The Third Sunday of Advent (Gaudete Sunday)

Today’s readings

Today’s readings and liturgy call us to rejoice.  That’s the reason for the rose-colored vestments and the more joyful tone of today’s readings.  This is called Gaudete Sunday: gaudete being Latin for “rejoice,” the first word of today’s introit or proper entrance antiphon which says: “Rejoice in the Lord always; again I say, rejoice.  Indeed the Lord is near.” 

Today we rejoice because our Lord is near.  We light that third, rose-colored candle on our Advent wreath and we see there’s just one candle left until the feast of the reason for our rejoicing.  We rejoice, too, that we can come to him for help and sustenance and companionship on the journey to healing. We look forward to celebrating the Incarnation, perhaps the greatest and best of the mysteries of faith.  That God himself, who is higher than the heavens and greater than all the stars of the universe, would humble himself to be born among us, robing himself with our frail flesh, in order to save us from our sins, heal our brokenness, and make his home among us for all eternity – that is a mystery so great it cannot fail to cause us to rejoice!  Indeed that very presence of God gives hope even in our most difficult moments – THE LORD IS NEAR!

During my trip to Israel this past fall, I got a sense of what Isaiah is talking about in today’s first reading.  When we were there, it was unseasonably hot.  I remember that we went up to the top of Masada, in the desert, and it was oppressive.  I was even worried for some of the less able pilgrims that were with us.  By contrast, we also visited Carmel, and even up at the top of the mountain, it was refreshing (actually it was raining a bit, so very refreshing!).  Also, at the top of Masada, all you could see was brown, parched desert.  At the top of Carmel, you could see all around Israel, with bodies of water, and villages.  

They were different experiences, and it sheds light on what Isaiah is saying.  If the desert were to bloom with abundant flowers, and be given the splendor of Carmel, that would indeed be reason to rejoice.  But what would cause such a miraculous turn of events?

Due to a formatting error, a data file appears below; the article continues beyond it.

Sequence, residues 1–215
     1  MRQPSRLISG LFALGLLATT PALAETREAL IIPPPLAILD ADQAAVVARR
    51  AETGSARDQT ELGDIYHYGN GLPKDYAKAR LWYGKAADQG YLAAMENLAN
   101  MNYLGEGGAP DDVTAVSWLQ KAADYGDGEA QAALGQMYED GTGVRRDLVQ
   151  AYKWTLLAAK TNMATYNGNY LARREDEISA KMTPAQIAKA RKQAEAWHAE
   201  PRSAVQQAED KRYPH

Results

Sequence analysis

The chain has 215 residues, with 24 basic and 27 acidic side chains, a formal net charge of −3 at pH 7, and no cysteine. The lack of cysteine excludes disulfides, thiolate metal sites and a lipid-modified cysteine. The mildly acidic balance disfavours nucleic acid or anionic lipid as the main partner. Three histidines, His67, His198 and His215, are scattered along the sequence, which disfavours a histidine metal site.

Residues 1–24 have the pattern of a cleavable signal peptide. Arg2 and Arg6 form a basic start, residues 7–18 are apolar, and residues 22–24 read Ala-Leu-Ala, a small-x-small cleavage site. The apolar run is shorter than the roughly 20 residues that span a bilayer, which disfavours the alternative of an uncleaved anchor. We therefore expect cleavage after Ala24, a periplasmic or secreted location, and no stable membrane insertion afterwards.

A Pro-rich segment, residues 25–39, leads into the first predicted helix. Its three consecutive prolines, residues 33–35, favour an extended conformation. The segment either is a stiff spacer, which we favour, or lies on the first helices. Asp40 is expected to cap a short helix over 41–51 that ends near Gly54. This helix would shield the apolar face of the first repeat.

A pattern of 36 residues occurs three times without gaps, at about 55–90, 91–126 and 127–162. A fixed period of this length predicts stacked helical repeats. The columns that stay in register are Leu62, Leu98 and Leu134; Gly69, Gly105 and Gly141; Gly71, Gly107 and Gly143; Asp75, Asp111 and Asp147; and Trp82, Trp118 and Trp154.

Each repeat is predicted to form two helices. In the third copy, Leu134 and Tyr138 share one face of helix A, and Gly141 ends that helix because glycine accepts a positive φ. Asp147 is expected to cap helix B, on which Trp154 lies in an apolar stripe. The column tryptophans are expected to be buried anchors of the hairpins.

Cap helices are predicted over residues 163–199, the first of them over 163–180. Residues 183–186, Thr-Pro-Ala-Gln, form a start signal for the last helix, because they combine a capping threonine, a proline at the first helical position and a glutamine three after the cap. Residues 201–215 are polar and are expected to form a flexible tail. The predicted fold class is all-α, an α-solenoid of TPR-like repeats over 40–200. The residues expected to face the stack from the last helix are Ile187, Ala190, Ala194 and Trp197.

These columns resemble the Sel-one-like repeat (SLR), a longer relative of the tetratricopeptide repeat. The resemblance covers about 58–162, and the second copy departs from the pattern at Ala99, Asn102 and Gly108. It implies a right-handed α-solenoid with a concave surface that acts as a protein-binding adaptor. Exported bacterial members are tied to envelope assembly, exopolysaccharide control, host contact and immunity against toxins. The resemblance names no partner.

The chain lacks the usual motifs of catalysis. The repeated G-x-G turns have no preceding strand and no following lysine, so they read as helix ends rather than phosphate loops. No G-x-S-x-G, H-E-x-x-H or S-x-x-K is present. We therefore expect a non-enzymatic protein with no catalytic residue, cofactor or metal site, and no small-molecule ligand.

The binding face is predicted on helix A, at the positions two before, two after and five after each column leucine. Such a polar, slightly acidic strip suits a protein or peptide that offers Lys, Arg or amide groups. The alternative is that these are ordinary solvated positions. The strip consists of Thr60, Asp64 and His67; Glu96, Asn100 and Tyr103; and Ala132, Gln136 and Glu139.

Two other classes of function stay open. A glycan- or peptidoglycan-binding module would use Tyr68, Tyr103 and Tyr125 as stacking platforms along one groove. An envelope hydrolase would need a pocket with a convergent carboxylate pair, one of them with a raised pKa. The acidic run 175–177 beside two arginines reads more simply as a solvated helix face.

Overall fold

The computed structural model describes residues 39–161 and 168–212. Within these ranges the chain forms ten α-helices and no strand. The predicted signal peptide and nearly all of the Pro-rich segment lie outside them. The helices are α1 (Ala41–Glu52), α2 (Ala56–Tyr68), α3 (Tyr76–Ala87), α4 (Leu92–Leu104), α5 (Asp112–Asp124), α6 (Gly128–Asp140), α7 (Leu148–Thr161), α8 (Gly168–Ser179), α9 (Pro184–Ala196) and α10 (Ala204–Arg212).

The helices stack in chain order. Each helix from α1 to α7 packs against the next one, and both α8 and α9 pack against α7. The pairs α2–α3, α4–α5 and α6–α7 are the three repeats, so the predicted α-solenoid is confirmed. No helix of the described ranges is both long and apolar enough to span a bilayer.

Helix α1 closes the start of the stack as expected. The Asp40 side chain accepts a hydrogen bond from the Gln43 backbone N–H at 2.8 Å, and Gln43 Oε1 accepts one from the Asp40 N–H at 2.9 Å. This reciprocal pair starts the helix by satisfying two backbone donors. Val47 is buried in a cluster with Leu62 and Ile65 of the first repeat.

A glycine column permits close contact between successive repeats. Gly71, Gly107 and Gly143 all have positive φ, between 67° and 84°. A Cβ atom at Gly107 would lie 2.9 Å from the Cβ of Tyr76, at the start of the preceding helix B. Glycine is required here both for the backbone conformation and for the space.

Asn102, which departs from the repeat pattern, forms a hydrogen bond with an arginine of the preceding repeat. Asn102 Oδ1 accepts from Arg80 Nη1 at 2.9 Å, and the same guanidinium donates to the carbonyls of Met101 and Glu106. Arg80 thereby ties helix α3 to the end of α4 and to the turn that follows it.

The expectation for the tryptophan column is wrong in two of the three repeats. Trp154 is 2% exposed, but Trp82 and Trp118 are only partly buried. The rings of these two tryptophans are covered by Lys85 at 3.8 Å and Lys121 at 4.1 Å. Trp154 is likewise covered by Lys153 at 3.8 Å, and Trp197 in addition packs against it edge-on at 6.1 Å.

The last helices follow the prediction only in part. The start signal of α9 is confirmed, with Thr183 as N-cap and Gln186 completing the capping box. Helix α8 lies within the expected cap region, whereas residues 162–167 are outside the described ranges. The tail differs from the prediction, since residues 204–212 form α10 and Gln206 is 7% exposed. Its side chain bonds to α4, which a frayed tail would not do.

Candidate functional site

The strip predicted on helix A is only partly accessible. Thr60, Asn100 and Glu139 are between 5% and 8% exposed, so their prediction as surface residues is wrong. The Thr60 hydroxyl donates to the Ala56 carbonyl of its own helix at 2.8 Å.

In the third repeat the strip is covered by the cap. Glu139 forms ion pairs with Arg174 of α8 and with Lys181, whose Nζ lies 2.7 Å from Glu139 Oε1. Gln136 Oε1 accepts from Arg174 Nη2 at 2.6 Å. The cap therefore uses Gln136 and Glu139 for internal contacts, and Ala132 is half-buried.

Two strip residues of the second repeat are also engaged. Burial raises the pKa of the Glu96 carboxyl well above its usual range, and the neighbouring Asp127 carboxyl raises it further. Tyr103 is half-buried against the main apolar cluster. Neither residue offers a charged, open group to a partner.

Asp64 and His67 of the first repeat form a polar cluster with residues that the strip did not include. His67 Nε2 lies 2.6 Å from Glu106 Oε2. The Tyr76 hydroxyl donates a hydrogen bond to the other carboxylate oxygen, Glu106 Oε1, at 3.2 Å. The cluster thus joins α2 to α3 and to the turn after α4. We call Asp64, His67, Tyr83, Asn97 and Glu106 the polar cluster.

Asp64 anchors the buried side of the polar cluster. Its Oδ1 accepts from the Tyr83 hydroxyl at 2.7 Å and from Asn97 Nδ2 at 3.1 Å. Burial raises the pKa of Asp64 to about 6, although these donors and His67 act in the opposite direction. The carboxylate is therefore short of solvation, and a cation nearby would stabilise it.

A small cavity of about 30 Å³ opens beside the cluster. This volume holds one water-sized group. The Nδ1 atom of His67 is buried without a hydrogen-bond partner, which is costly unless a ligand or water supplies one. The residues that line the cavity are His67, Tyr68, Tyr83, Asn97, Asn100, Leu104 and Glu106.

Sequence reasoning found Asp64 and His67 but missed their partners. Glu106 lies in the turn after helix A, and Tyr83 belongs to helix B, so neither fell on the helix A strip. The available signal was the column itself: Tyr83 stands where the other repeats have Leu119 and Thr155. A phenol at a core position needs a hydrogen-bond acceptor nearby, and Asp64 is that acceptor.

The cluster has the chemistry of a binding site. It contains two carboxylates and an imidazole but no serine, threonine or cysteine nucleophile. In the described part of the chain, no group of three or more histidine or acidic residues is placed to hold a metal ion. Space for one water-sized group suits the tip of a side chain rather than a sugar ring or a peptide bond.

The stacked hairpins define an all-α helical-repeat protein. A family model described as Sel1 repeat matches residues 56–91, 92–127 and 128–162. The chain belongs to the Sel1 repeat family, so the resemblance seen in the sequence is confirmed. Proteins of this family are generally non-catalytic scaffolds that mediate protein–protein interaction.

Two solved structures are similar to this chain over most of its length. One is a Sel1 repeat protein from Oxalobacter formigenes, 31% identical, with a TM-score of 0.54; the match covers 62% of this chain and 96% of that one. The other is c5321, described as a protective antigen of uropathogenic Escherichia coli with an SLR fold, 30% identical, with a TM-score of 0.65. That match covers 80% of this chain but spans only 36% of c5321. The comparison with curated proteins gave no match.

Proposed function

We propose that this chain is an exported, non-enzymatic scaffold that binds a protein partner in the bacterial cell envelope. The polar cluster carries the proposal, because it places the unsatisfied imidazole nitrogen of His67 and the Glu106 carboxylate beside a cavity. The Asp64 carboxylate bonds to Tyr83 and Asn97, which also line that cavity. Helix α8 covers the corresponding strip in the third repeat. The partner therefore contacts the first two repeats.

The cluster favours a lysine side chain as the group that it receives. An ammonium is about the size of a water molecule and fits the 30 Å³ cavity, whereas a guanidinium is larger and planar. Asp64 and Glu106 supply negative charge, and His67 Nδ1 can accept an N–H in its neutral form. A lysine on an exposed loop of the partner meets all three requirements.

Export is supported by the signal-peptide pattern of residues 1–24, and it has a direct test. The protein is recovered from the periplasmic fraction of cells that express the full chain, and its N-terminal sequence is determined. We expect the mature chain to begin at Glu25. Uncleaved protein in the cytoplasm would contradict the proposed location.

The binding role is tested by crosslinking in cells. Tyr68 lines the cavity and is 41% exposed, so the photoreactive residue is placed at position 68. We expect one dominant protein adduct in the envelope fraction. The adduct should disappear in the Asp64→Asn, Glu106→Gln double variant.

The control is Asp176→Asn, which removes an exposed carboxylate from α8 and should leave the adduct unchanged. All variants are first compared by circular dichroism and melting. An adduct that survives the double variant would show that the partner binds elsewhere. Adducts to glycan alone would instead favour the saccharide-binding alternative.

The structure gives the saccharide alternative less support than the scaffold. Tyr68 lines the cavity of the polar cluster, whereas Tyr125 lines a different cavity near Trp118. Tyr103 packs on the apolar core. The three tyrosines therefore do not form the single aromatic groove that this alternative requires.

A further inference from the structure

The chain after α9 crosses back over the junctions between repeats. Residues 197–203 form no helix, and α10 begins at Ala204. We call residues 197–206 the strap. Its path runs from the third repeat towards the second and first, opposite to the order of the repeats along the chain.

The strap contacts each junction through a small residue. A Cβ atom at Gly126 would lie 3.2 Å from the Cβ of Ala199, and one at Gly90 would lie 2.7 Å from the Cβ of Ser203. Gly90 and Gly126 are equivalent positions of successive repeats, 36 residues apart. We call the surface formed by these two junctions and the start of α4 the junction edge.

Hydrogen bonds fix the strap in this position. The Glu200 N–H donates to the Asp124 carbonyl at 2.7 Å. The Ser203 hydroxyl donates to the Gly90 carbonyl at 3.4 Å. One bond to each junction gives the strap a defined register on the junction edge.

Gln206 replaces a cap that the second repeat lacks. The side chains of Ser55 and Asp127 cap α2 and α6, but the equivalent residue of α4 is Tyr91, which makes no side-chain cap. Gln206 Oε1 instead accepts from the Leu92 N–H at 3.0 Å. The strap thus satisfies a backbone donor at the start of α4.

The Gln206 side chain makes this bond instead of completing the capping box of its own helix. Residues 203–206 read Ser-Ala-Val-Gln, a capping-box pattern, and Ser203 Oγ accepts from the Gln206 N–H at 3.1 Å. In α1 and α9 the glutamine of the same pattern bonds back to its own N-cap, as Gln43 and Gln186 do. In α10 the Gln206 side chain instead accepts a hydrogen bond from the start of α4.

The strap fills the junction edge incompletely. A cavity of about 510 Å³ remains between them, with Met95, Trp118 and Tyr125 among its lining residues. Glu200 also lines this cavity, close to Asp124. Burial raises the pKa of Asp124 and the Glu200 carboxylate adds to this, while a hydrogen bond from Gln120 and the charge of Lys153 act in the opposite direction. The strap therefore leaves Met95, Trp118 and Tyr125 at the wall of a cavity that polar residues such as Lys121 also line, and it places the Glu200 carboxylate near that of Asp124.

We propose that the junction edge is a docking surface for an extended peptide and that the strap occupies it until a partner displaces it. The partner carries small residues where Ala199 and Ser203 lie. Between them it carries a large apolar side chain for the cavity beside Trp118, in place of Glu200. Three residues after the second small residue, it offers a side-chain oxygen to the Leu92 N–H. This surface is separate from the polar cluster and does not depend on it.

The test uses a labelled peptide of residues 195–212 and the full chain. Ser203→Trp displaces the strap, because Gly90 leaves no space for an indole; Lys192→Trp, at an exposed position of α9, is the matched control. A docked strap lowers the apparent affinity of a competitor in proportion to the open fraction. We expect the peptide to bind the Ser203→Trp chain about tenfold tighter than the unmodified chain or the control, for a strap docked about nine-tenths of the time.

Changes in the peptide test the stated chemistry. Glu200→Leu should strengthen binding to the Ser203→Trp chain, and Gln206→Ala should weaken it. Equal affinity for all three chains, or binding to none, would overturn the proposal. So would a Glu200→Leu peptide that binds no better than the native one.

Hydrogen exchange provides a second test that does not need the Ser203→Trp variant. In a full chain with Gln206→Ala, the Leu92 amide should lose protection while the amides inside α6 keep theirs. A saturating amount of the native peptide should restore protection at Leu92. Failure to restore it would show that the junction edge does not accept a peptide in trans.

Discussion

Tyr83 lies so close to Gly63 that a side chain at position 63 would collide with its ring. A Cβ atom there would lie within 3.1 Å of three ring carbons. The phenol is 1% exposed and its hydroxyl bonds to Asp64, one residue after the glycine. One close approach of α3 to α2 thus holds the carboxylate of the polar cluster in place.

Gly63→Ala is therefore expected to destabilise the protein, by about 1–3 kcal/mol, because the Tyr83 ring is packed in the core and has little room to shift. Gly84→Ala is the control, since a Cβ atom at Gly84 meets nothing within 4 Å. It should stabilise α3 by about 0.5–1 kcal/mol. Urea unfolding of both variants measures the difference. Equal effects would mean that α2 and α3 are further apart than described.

Many times when I have had occasion to anoint a person having surgery, or battling an illness, I have read the first part of the Gospel reading we heard today.  Jesus tells the disciples of John the Baptist to tell him what they have seen and heard: the blind regain their sight, the lame walk, lepers are cleansed, the deaf hear, the dead are raised, and the poor have the good news proclaimed to them.  Again, any one of these would be reason enough to rejoice.  But again, what would cause such a miraculous outpouring of events?

Well, we all know what caused all these miraculous events to burst forth upon the earth: the glorious coming of our Savior, Christ the Lord.  Our God who, as the Psalmist says, keeps faith forever, has turned to us in our need and become one of us, giving us a completely new life, where sin and death and disease, and even the scorching heat of desert have no power over us.  Our God remembers his promises: he “gives food to the hungry.  The LORD sets captives free.  The LORD gives sight to the blind; the LORD raises up those who were bowed down.  The LORD loves the just; the LORD protects strangers.”  Because our God is not a god who sets events in motion and then steps back to see them all flounder in desperation, but instead, he is a God that cares for every one of us as if we were the only one on earth.  Our God would have come to save us even if we were the only one who needed saving.  Our God, THE LORD IS NEAR!  Indeed we ought to rejoice!

These final days of Advent call us to prepare more intensely for the Lord’s birth.  They call us to clamor for his Incarnation, waiting with hope and expectation in a world that can sometimes be dark and scary.  These days call us to be people of hope, courageously rejoicing that the Lord is near!  Come, Lord Jesus!  Come quickly and do not delay!

In our silent time after the homily today, I invite you to pray with me.  I want you to picture Jesus coming to you, approaching you, and extending his hand to you.  He wants to give you a message of hope and encouragement.  He wants to tell you that you are important to him, that he came to save you.  What is he saying to you as he approaches? What is hopeless in you right now that he offers to sustain you through?  What is he saying to you on this day of rejoicing?

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